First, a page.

(Apparently finding lodging for the behemoth Austin festival is as difficult for some bands as it is for audience members, since Animal Years spent the whole time camping in individual tents in a friend’s backyard.)
The band’s growing audience seems largely attracted by McFadden’s universally appealing lyrics. With themes of love and loss omnipresent, McFadden’s anthems are often cited as easily relatable, including by his own bandmates.
Spinnato beams about his friend and colleague’s work. “It’s very natural and relevant to people. Mike’s stuff can be about one person specifically, but it relates to a lot of different things. I think it’s great shit, and I love playing it.”
McFadden definitely welcomes the notes. He says, “I love feedback. I don’t get people who don’t want to hear and read every review. Tell me what you think about it. I love that, that’s why I’m doing this. People will come up and talk about a certain lyric, and I appreciate that because it kind of brings me back [to writing the song].” He recalls one memory that especially stands out of a fan who confessed he was eased through a break up with the help of “Rapture,” which opens, “Tell me how your life, just fades in time/Whisper as we pass the five and dime/If you were still around, you could read my mind.”
(Caption: Footage of Animal Years performing “Rapture”)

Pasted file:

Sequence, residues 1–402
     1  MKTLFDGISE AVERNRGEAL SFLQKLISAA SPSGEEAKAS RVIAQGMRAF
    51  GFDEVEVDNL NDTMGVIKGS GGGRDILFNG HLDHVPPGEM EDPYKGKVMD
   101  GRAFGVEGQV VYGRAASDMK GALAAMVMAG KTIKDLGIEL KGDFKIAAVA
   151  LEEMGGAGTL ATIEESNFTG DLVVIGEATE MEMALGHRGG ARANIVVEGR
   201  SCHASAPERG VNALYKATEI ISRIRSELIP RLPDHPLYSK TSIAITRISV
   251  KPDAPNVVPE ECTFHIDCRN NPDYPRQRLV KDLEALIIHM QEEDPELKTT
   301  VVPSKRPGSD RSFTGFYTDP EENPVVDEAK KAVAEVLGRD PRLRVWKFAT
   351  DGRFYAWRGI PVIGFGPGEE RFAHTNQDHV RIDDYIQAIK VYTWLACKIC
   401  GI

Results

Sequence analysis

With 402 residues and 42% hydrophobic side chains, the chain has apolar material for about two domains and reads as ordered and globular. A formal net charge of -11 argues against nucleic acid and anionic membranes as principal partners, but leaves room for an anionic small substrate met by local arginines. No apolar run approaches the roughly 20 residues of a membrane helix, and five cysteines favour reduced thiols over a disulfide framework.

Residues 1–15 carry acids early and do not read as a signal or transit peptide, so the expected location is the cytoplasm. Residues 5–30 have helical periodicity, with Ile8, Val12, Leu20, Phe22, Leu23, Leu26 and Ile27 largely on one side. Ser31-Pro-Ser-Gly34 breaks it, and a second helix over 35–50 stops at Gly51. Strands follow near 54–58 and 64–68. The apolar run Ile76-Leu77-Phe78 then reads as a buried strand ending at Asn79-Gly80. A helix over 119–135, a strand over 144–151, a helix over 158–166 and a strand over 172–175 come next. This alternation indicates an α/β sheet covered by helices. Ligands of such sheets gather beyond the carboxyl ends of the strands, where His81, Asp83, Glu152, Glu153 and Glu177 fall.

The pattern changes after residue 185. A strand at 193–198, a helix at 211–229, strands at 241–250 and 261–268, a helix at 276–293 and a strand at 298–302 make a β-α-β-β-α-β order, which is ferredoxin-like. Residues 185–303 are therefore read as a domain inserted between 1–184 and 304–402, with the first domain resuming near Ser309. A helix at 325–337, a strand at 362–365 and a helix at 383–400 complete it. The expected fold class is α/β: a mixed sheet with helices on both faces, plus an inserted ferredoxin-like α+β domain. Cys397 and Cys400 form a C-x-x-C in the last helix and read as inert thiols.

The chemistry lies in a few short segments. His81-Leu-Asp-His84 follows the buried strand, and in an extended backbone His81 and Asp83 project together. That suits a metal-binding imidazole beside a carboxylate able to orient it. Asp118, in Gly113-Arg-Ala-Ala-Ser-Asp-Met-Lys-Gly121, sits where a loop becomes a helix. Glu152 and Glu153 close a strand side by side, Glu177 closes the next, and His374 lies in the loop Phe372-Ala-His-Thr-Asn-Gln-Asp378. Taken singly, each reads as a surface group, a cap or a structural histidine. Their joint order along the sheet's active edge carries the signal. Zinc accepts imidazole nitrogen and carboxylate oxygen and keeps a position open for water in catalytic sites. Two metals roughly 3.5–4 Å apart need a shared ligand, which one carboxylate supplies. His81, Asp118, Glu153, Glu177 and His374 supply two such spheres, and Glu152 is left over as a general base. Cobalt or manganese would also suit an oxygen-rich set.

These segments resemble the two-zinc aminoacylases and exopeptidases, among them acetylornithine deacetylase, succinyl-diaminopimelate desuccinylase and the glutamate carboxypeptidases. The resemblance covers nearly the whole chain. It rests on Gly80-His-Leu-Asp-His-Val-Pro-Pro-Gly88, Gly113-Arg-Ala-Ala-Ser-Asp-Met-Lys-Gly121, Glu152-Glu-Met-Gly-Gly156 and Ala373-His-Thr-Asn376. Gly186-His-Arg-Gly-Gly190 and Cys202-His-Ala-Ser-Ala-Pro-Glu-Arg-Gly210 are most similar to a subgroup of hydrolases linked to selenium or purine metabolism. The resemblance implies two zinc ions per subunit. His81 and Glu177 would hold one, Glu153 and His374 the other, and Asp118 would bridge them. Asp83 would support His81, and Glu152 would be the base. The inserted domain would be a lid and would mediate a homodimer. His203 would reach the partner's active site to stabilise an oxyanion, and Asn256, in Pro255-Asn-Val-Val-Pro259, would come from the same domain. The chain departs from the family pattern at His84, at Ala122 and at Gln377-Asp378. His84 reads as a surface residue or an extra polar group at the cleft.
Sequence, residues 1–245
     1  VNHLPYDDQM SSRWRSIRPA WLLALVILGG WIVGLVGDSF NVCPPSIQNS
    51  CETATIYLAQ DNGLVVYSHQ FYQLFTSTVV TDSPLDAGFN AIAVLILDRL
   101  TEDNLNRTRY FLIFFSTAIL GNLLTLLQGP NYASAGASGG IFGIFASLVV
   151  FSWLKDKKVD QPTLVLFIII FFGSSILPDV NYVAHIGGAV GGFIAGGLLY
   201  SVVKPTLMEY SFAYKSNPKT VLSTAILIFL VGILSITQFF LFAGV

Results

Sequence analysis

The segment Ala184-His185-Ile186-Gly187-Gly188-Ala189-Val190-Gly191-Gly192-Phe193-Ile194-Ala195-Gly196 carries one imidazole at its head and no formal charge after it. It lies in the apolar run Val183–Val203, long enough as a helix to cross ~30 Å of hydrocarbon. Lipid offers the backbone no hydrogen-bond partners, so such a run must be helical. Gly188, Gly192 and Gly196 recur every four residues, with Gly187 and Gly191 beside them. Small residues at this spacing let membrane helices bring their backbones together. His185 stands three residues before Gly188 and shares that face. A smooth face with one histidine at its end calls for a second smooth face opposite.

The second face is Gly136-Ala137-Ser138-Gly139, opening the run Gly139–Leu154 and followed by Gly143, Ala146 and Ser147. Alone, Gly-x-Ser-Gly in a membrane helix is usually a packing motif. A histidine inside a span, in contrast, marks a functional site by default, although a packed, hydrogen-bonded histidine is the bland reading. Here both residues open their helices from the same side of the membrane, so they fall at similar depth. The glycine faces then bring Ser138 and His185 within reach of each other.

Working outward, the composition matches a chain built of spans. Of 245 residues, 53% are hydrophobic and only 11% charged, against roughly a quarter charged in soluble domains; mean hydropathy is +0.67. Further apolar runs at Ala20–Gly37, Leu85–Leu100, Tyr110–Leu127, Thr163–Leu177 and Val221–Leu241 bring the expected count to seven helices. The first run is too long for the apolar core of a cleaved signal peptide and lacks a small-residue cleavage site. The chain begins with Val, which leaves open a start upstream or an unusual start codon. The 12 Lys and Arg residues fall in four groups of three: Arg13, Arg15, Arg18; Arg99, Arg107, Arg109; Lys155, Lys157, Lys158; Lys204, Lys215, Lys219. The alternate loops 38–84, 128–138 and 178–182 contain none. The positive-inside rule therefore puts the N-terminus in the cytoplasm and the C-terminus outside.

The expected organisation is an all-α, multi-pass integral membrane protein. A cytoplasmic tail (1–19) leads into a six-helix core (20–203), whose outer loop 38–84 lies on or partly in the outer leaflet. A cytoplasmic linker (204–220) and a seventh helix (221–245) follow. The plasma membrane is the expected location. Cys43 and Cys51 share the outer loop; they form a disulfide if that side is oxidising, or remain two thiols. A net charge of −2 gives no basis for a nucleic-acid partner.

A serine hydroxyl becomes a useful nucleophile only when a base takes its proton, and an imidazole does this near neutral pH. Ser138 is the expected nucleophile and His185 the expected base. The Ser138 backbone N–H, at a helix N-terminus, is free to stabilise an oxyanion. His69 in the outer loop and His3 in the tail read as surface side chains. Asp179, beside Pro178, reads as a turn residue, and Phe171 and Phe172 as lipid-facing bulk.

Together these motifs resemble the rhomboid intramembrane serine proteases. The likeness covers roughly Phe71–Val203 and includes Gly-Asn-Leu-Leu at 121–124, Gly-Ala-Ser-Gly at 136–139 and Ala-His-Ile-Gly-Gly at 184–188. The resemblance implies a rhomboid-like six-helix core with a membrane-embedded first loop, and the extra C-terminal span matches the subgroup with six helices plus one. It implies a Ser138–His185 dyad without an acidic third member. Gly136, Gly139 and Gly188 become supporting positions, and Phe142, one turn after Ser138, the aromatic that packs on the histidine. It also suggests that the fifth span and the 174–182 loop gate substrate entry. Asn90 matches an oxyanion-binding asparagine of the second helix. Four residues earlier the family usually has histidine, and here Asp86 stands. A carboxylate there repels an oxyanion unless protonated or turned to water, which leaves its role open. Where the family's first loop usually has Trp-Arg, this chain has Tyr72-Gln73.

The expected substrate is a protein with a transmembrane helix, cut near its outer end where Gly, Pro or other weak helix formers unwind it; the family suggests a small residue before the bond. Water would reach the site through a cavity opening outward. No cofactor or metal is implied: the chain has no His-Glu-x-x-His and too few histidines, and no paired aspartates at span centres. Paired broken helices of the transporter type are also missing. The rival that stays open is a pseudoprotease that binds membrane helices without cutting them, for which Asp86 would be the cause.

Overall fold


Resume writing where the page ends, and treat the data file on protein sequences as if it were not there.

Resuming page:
Fans will have new opportunities to connect with McFadden’s lyrics in the near future, as a new album is due out some time this fall. In addition to more accessible tracks, McFadden promises a sound that’s fun and “a little more poppy.” Saladino also assures there will be bigger hooks, and Spinnato, who engineered the record, is excited about the higher quality overall, as he says they’ve “attacked it with a lot more focus on hi-fidelity recording.”
In the meantime, the band just put out a little something to hold fans over, a cover of Haim’s “The Wire.” New York fans can also catch them at Rockwood Music Hall on August 28 at Downtown Comes Uptown.
(Caption: Animal Years’ cover of Haim’s “The Wire” has received quite a bit of attention.)
(Caption: Haim’s “The Wire.”)
As the band looks toward a seemingly bright future, their approach is just to keep moving forward as they have been. As Saladino puts it, “We’re going to throw [the music] at the wall and see what sticks.”
Natalie Hamingson’s bio: I am a freelance writer with over nine years of experience writing for online media, primarily journalistic. My expertise is in music journalism, especially feature artist interviews. (Outlets published on include: Music for America, LA2DAY, Covers, Chicks with Guns, my own blog, http://nataliejill.wordpress.com, and BlvdCentral.com.) I am, however, very flexible in my ability to write about multiple subjects.
My second most covered topics are political and social issues. Those issues frequently appear in my music related articles, as I often cover artists with social justice focused messages.In addition, my background includes freelance marketing work, such as social media/viral marketing, blog and website content, and press releases for artists and non-profits. I also have extensive editing and proofreading experience.